Name:Wreck DNS Vulnerabilities Affect More than 100 Million IoT Devices

More than 100 million consumer and enterprise IoT devices are believed to be affected by a new set of DNS vulnerabilities, according to Forescout and the Israeli consultancy firm JSOF.

The vulnerabilities, collectively named Name:Wreck, are related to DNS implementations in popular TCP/IP network communication stacks and affect the free IT software FreeBSD and the IoT/OT firmware IPnet, Nucleus NET and NetX.

In total, 9 vulnerabilities were identified which could allow remote code execution or denial of service. The researchers note that IoT devices running the above software are not necessarily vulnerable, but the researchers say a conservative estimate of 1% of the 10 billion deployments worldwide would mean more than 100 million devices are vulnerable and could be exploited, including IoT devices used by governments, healthcare, retail, and manufacturing.

The vulnerabilities could be exploited to gain access to enterprise or government networks to steal data and denial of service attacks could be conducted to disrupt critical processes to extort money from targeted companies.

Vulnerable versions of the software and firmware are present in the message compression and domain name
label parsing features. Exploiting one of the vulnerabilities may not allow the attacker to achieve a great deal, but the vulnerabilities could be chained with other Name:Wreck vulnerabilities or flaws in the AMNESIA:33 collection to cause significant damage.

  • FreeBSD – Version 12.1 – CVE-2020-7461
  • IPnet – VxWorks 6.6 – CVE-2016-20009
  • NetX – Version 6.0.1 – No CVE at present
  • Nucleus NET – Version 4.3 – CVE-2020-15795, CVE-2020-27009, CVE-2020-27736, CVE-2020-27737, CVE-2020-27738, CVE-2021-25677

The vulnerabilities range in severity from CVSS v3.1 5.3 to 9.8. The researchers explain that in one attack scenario, an attacker could exploit CVE-2020-27009 and craft a DNS response packet that would allow arbitrary data to be written into sensitive parts of a device’s memory where code will be injected. CVE-2020-15795 could then be exploited to craft meaningful code to be injected, and then the attacker could bypass the DNS query-response matching using CVE-2021-25667 to deliver the malicious packet to the targeted device, thus gaining remote access and full control of that device.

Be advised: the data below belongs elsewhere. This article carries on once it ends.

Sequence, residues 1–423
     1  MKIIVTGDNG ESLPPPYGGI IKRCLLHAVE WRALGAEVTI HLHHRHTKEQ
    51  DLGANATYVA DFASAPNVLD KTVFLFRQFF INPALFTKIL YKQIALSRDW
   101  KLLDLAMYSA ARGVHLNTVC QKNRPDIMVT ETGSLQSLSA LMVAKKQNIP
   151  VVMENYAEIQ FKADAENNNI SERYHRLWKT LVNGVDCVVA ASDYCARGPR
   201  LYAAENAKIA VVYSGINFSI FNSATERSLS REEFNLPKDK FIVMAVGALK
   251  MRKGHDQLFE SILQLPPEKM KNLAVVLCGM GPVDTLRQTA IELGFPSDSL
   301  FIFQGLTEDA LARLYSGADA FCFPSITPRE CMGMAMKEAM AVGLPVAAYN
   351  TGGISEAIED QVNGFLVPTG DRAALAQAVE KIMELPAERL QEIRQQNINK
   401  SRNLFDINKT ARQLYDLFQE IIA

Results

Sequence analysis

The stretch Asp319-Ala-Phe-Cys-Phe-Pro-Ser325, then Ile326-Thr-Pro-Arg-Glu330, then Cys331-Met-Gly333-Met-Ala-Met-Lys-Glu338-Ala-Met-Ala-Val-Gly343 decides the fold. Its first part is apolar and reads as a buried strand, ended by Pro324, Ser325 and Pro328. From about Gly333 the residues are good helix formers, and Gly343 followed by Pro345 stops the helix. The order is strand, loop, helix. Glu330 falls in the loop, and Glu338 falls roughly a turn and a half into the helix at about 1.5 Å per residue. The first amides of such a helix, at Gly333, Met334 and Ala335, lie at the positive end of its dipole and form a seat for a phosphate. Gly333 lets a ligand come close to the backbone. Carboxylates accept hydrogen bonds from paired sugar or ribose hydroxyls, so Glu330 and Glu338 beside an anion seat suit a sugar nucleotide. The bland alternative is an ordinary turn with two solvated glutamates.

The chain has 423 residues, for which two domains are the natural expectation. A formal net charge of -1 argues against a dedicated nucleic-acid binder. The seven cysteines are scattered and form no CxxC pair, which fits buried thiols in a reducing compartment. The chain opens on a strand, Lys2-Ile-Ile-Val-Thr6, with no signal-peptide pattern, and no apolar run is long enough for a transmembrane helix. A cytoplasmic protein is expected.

Patches to fix the vulnerabilities have been released for FreeBSN, Nucleus NET and Net X; however, it may not be easy to apply those patches, since many IoT devices are used to control mission critical systems that cannot easily be taken offline. In such cases it is important to implement mitigations that make it harder for the vulnerabilities to be exploited and limit the harm that can be caused should threat actors target the vulnerabilities.

Mitigations include identifying all vulnerable devices, using internal DNS servers wherever possible, implementing segmentation to reduce network exposure, and monitoring network traffic for malicious packets.

Author: Richard Anderson

Richard Anderson is the Editor-in-Chief of